From differentiating equity grants for scientific-based talent to paying a premium for new hires, we highlight the top five biggest equity trends in the life sciences sector.
Developing competitive long-term incentive plans that evolve and scale as your life sciences company grows is a critical element of any compensation strategy, but not an easy task. For one, defining what is competitive in the marketplace is ever-changing, particularly in this red-hot labor market. Secondly, the skills and technical expertise needed for life sciences organizations to thrive are in high demand from all types of industries who are looking to hire talent with the type of analytical expertise that life sciences firms have long sought.
Life sciences companies need to offer a motivating and competitive total rewards package that has equity as an essential component to compete in this market. That’s why we developed the 2018 Radford Long-Term Incentive Practices Report for Life Sciences Companies.
We highlight five trends in the development of long-term incentive plans we’re observing. The data is based the 2018 Radford Long-Term Incentive Practices Report for Life Sciences Companies where we looked at LTI practices at 169 pre-commercial and 109 commercial companies across the globe. Click here to learn more about the report.
#1: Pre-commercial companies have a more broad-based approach to equity eligibility.
Compared to pre-commercial companies, commercial life sciences firms can expand their cash program and have a greater need to conserve shares given larger headcounts and concern over share dilution.
#2: Life sciences companies focus on differentiating awards based upon performance and impact.
For both commercial and pre-commercial companies, the 75th percentile is roughly 2 times the market median and the 90th percentile is roughly 3 times the median. This suggests there is a significant level of performance differentiation across all companies. A differentiated equity program becomes even more important as companies grow in order to conserve shares and reward top performers. We recommend all organizations think about implementing or fine-tuning a differentiated equity program.
#3: Scientists receive substantially more equity across both pre-commercial and commercial companies.
Scientists carry a substantial equity premium in the market relative to non-scientists, which is slightly higher at pre-commercial companies due to the importance placed on research and development. The unique skillset of scientists is a key driver to the potential success of an organization. For this reason, they are often given differentiated rewards — not only through increased equity grant values (as shown in Figure 3) but also through differentiated program design. Oftentimes, they have entirely different grant schedules vs. non-scientific roles, and firms implement special programs designed to motivate and retain these key players in the R&D function.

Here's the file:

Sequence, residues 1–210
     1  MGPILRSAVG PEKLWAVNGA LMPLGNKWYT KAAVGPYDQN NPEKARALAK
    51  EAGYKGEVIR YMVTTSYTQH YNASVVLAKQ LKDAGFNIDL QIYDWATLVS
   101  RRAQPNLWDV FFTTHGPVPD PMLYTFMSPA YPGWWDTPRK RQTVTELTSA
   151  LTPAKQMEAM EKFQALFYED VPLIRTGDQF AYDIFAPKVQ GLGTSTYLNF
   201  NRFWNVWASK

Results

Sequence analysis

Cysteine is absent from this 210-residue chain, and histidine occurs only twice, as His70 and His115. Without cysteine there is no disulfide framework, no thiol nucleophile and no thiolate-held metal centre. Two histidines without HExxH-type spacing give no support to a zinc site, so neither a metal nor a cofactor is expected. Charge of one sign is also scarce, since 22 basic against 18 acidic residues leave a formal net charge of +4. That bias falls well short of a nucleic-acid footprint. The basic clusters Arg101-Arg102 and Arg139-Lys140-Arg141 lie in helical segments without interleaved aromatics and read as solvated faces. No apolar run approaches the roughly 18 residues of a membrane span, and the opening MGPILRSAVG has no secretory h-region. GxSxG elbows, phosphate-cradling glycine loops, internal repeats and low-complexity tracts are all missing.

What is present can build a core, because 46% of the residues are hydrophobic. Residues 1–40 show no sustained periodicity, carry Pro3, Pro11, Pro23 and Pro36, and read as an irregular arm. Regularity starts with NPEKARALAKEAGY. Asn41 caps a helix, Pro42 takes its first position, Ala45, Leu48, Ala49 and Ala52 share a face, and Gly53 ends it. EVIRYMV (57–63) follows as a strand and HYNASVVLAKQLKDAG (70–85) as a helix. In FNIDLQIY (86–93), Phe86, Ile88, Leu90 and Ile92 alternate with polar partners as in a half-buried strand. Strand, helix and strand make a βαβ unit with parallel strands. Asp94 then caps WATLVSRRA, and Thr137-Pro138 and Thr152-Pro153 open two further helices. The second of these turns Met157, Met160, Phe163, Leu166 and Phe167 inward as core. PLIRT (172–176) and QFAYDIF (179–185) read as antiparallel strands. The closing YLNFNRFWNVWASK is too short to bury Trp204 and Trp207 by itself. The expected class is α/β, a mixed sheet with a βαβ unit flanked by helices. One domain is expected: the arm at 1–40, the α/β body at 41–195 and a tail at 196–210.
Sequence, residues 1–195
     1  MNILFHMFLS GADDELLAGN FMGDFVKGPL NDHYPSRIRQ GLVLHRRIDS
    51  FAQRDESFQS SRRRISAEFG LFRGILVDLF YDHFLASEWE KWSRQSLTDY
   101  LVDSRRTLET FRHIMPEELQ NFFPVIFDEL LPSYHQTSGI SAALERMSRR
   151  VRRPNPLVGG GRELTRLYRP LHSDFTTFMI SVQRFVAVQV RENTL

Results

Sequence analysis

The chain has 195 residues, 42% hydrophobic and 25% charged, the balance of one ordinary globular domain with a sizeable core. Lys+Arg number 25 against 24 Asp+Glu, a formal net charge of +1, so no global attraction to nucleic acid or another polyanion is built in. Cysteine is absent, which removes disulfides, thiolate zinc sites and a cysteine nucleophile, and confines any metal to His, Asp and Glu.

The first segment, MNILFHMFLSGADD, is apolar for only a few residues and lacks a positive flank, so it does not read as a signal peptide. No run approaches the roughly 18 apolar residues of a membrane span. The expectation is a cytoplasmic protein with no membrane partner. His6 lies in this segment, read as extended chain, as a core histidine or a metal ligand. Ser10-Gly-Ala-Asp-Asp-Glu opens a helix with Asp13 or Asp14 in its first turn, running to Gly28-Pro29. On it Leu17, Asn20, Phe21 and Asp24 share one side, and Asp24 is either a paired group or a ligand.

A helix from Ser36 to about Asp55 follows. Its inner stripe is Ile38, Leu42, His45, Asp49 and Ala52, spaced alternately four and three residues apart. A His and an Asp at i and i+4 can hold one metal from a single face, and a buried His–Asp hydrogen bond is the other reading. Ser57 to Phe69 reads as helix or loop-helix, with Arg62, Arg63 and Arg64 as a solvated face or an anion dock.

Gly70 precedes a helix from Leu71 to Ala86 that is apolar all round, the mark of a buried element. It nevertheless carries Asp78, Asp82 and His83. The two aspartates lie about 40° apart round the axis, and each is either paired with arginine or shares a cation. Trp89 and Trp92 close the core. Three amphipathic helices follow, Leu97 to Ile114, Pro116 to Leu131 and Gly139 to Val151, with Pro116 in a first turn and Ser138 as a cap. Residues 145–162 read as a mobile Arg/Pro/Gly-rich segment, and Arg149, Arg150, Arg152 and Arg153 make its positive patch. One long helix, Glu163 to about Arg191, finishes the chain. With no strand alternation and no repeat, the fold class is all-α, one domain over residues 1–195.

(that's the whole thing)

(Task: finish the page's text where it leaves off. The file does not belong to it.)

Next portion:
#4: Companies are paying a premium to attract new talent.
Life sciences companies are paying more to lure new hires from existing jobs, reflecting the competitive job market. New-hire awards are consistently higher than ongoing awards as shown in Figure 4.
We also find that new-hire premiums are highest in competitive life sciences hubs, such as Boston and San Francisco. This data emphasizes the need for companies to have a specific geographic location strategy to maximize the impact of their equity programs and remain competitive.
#5: Performance shares/units are an emerging practice at commercial firms.
While PSUs are still used sporadically as supplemental milestone-based programs at pre-commercial firms, they are a growing practice at commercial firms, especially at higher job levels.
Do you want more data and insights? The 2018 Radford Long-Term Incentive Practices Report for Life Sciences Companies is available for purchase here. If you have any questions about rewards design and want to speak with one of our experts, please write to email@example.com.